Our vision of God as judge, dispenser of punishment, often conflicts with our view of God as Father, dispensing grace with mercy new every morning. We often create God in our own image, shaped by our experiences, to be either a divine Santa Claus waiting to fulfill all of our wishes or a stern grandfather who is unforgiving and unkind.
Our God is just, expecting obedience and faithfulness, and is also the Abba Father who exemplifies mercy and loves us even when we are at our worst. God disciplines and calls the children of God to obedience and to follow even when the following is unpleasant, painful, or against our nature. God also pours out transforming mercies daily to make such obedience possible. In the wholeness of God, discipline comes less as punishment and more as a calling us home. Even in exile, God’s plan includes a homecoming.
Transformative justice centers in a purpose far beyond punishment, separation, or rejection. It is centered in the wholeness that leads to true freedom, the freedom to follow without fear. Perfect love drives out fear, not because there is never discipline but because the discipline never drives out love. God’s love, experienced in mercy and grace, is never conditional or situational. That constant allows transformation to take place.
What could the world be like if our systems employed a justice designed to transform? What would our churches be like if individuals experienced unconditional love and a discipline designed to help them move on to perfection? What would our families be like if we understood justice and mercy as partners in wholeness?
Heavenly Father, help me to see justice and mercy as partners that move me to holiness of heart and life. Amen.
The Hosea passage portrays the agony of God, who is torn between the demands of judgment and of grace. When justice and grace are weighed in God’s balances, grace always prevails. Psalm 107’s language applies to many experiences of alienation. Lostness, hunger, thirst, and weariness characterize the condition of those cut off from God; yet if they seem abandoned, they are not. God has guided them out of the desert and back to their homes once again. The freedom to live in goodness is the subject of Colossians. The passage points read- ers beyond “things that are on earth” to “things that are above.” Freedom from greed is the focus of Luke 12:13-21, a text that addresses the dif cult issue of how the Christian is to deny the temptations of materialism while living in a very material world. The farmer is not condemned because he worked to produce a bumper crop, but his demise is viewed as tragic because he wrongly believed that his bulging barns would be his salvation.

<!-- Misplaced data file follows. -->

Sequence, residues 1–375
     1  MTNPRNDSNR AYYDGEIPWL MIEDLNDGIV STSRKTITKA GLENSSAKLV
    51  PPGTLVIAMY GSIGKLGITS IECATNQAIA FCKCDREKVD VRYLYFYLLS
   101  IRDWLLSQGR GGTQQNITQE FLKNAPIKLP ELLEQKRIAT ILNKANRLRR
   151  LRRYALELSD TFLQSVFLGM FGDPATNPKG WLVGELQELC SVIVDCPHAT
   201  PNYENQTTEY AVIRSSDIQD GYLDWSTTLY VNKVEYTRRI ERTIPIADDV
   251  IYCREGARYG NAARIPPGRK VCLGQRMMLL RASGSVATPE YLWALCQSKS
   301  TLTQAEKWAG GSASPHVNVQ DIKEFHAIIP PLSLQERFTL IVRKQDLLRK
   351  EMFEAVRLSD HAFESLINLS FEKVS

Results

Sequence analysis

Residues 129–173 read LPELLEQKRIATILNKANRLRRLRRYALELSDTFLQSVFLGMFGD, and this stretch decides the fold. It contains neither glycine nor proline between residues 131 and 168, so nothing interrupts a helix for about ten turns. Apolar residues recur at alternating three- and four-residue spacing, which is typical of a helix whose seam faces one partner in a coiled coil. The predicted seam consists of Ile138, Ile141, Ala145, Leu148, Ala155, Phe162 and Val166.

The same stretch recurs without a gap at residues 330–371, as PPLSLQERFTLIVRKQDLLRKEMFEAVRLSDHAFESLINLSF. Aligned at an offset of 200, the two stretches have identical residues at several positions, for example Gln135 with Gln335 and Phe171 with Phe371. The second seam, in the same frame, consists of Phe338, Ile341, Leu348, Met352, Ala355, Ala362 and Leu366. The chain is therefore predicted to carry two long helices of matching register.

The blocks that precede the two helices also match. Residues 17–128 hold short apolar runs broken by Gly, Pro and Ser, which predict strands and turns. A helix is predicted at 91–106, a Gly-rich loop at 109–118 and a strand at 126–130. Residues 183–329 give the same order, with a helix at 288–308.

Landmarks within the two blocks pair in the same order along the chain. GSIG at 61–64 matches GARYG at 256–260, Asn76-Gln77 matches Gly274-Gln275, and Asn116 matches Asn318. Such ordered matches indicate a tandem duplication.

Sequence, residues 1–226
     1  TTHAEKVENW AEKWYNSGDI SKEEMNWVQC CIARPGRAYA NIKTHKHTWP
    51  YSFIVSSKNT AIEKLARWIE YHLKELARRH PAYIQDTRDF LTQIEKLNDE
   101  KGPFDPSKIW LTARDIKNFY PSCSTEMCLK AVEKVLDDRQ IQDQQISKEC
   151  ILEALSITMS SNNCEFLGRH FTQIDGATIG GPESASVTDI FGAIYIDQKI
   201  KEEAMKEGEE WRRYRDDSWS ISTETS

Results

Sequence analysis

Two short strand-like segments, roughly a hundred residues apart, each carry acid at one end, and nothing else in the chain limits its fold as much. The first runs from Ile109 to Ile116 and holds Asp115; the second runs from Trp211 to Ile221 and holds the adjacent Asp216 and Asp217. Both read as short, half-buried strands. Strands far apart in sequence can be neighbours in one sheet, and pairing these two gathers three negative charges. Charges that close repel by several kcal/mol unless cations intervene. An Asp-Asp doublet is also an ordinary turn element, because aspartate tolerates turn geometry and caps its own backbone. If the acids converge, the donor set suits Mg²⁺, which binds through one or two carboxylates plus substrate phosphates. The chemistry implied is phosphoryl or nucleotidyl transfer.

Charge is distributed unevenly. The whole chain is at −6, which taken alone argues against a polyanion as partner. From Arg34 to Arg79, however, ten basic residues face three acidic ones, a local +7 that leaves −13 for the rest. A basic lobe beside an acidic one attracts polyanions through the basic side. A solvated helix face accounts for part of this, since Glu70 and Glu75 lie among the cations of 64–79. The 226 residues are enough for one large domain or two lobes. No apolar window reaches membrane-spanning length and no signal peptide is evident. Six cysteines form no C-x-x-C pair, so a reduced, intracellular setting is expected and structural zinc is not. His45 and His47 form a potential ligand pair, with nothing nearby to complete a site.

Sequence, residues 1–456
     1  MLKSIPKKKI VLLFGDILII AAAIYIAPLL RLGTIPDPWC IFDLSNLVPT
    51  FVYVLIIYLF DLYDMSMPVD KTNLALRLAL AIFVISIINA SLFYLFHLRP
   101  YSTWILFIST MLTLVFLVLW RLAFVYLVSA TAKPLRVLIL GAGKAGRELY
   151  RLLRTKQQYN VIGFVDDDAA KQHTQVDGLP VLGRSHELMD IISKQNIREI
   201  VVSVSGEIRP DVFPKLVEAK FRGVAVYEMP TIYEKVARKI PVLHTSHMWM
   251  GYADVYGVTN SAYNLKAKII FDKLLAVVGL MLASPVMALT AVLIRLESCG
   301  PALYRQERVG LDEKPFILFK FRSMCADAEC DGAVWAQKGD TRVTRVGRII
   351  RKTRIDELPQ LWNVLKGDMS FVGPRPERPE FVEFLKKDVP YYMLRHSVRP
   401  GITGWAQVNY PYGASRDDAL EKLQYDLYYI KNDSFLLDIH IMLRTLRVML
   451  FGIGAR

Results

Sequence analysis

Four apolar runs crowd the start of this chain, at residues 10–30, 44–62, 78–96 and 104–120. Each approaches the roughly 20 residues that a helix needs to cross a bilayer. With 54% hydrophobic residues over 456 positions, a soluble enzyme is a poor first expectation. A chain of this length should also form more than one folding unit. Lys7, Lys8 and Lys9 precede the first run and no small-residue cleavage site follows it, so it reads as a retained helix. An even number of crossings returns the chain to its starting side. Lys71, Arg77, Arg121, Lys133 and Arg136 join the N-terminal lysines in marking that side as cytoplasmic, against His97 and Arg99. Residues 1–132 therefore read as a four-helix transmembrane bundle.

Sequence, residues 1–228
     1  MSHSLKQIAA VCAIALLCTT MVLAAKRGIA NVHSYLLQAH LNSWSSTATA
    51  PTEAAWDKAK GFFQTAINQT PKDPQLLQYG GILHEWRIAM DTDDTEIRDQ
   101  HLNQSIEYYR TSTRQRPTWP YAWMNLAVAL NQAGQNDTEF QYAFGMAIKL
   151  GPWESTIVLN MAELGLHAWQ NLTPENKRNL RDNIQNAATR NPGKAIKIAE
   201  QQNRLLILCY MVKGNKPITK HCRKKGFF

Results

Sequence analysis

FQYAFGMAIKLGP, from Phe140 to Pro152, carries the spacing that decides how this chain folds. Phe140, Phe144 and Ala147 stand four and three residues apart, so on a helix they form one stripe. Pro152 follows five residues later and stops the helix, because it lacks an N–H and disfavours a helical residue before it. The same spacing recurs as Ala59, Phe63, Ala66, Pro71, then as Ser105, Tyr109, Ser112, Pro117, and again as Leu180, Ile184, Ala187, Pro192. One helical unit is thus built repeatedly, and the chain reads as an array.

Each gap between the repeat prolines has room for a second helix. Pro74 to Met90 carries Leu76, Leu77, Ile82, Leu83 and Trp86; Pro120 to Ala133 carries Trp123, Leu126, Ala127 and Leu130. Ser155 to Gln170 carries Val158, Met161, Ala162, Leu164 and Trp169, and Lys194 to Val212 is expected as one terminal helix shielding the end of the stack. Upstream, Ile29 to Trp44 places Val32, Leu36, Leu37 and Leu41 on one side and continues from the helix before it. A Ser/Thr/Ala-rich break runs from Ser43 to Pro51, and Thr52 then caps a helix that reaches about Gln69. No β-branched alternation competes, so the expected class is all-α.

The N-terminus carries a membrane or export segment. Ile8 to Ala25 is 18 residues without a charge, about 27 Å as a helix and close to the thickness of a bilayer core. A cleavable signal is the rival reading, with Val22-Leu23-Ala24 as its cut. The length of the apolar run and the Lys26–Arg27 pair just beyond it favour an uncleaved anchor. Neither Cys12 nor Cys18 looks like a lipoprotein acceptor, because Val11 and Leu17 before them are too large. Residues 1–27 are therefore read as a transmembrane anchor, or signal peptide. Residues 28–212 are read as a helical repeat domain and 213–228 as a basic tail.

• Read Hosea 11:1-11. God’s constant love, mercy, and grace allow for transformation. What would it be like if our sys- tems employed a justice designed to transform?
• Read Psalm 107:1-9, 43. From what captivity has God redeemed you?
• Read Colossians 3:1-11. What do you need to take away from your life in order to clothe yourself with the practices that re ect the image of God?
• Read Luke 12:13-21. How can you feel more satis ed with what you have? How will this allow you to share more with others?
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